Any idea why that is? Does the Max 10 have more cabin area than the 321NEO?
 
airplanedriver6
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Re: United orders 50 A321 XLR, defers A350's to 2027

Tue Dec 10, 2019 12:11 am

TObound wrote:
Any idea why that is? Does the Max 10 have more cabin area than the 321NEO?

It's because the A321XLR would be wasted on a transcon. It has far more range than the MAX 10.
 
Chemist
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Re: United orders 50 A321 XLR, defers A350's to 2027

Tue Dec 10, 2019 12:16 am

I guess United couldn't wait any longer. That's what Boeing gets for dinking around for a decade fretting about whether there is really a MOM market for a 757-capacity narrowbody. Well it seems that there is.
The is just another chapter in the situation where the beancounters I presume at Boeing screwed up the 787 project, delaying rollout and costing tens of extra $billions. And then the beancounters and management cheaped out on the 737 MAX development which further eroded any ability Boeing might have to launch a NMA. So Airbus wisely has come in and is handily mopping up on the lower MOM space. Good for them and shame on a once great US company.
 
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Re: United orders 50 A321 XLR, defers A350's to 2027

Tue Dec 10, 2019 12:27 am

Chemist wrote:
I guess United couldn't wait any longer. That's what Boeing gets for dinking around for a decade fretting about whether there is really a MOM market for a 757-capacity narrowbody. Well it seems that there is.


Considering MOM was designed to be a 767-capacity widebody, it would not have played in that space (that is the 737-10's market to general extent).

And perhaps UA decided that was not something they wanted even though they and Boeing have danced around it for years, first with the 767 and then with NMA. :scratchchin:
 
LGeneReese
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Re: United orders 50 A321 XLR, defers A350's to 2027

Tue Dec 10, 2019 1:01 am

Stitch wrote:
Chemist wrote:
I guess United couldn't wait any longer. That's what Boeing gets for dinking around for a decade fretting about whether there is really a MOM market for a 757-capacity narrowbody. Well it seems that there is.


Considering MOM was designed to be a 767-capacity widebody, it would not have played in that space (that is the 737-10's market to general extent).

And perhaps UA decided that was not something they wanted even though they and Boeing have danced around it for years, first with the 767 and then with NMA. :scratchchin:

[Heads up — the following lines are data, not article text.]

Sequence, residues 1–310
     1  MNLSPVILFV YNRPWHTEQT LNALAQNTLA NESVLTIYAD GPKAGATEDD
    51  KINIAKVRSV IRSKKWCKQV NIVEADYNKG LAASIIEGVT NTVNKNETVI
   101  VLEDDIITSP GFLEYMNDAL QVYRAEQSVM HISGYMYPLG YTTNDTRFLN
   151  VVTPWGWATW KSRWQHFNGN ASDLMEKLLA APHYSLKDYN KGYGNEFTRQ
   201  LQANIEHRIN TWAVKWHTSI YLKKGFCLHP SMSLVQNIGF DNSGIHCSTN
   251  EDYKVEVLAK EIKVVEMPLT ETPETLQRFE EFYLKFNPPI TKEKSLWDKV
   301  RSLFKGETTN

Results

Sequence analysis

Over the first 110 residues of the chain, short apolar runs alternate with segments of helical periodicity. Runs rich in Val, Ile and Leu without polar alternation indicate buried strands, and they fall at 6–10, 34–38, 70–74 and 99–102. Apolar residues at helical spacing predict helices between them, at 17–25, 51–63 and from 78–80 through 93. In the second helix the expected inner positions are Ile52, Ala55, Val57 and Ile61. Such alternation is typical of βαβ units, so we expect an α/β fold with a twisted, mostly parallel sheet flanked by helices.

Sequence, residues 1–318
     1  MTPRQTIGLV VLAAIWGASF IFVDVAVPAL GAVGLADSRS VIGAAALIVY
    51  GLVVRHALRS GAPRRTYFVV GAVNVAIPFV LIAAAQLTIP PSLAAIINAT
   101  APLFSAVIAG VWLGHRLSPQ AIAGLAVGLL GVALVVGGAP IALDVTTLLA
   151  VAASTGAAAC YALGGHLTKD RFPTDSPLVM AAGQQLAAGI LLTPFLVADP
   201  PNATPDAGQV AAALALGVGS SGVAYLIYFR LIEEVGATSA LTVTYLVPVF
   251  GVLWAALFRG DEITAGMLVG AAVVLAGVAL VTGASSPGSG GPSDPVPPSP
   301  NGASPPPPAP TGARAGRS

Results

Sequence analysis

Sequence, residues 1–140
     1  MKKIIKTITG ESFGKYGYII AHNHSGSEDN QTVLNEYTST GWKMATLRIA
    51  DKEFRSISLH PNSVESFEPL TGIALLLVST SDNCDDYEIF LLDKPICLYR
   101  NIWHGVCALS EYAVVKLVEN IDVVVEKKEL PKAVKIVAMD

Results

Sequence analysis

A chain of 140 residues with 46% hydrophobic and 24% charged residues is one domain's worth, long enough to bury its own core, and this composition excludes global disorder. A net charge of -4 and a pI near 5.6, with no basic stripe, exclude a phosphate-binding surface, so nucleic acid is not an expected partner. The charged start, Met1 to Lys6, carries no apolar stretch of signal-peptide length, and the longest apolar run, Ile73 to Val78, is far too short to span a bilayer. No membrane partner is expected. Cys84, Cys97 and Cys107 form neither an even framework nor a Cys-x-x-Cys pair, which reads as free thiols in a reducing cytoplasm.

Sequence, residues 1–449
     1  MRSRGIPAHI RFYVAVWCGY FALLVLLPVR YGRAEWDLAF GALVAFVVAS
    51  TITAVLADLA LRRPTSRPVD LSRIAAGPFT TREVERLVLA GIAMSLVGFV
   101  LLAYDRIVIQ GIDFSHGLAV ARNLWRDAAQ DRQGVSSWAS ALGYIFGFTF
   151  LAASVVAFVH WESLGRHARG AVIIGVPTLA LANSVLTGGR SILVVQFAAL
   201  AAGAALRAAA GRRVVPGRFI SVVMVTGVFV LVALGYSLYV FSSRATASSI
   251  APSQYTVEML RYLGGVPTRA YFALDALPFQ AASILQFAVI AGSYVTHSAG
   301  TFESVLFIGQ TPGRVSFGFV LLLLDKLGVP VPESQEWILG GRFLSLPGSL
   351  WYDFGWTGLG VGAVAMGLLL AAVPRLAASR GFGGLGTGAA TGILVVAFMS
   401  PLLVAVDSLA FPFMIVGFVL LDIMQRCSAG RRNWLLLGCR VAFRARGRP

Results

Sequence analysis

UA desperately wants something to replace the 767... Boeing’s mythical MOM was/is theoretically perfect for this. But so far it’s nothing but 0s and 1s in a computer file. So, from UA’s perspective, they may have to choose the next best fit... which I presume is the 788... yes?
 
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Re: United orders 50 A321 XLR, defers A350's to 2027

Tue Dec 10, 2019 6:33 am

Stitch wrote:
Chemist wrote:
I guess United couldn't wait any longer. That's what Boeing gets for dinking around for a decade fretting about whether there is really a MOM market for a 757-capacity narrowbody. Well it seems that there is.


Considering MOM was designed to be a 767-capacity widebody, it would not have played in that space


The MoM has grown in the years from just bigger than the 737NG to a real 767 replacement.
 
tommy1808
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Re: United orders 50 A321 XLR, defers A350's to 2027

Tue Dec 10, 2019 6:49 am

TObound wrote:
CONTACREW wrote:
TObound wrote:

TAP's 321LRs are a good reference point here: 16J/42Y+/113Y. So clearly that's a close match to UA's 169 seat 752. Compare the layouts.

United 752:
https://www.seatguru.com/airlines/Unite ... 0_Flat.php

TAP 321LR:
https://www.seatguru.com/airlines/TAP_P ... A321LR.php

So if those layouts are similar, I don't see why all of UA's 752 can't be replaced 1:1.


The 321XLR will replace the 16J RR 75 fleet
The MAX10 will replace the 28J PW 75 fleet


Any idea why that is? Does the Max 10 have more cabin area than the 321NEO?


it has less cabin space, in both dimensions, but lengthwise is only 15" shorter, so depending on layout you can get between zero to one row more into the A321.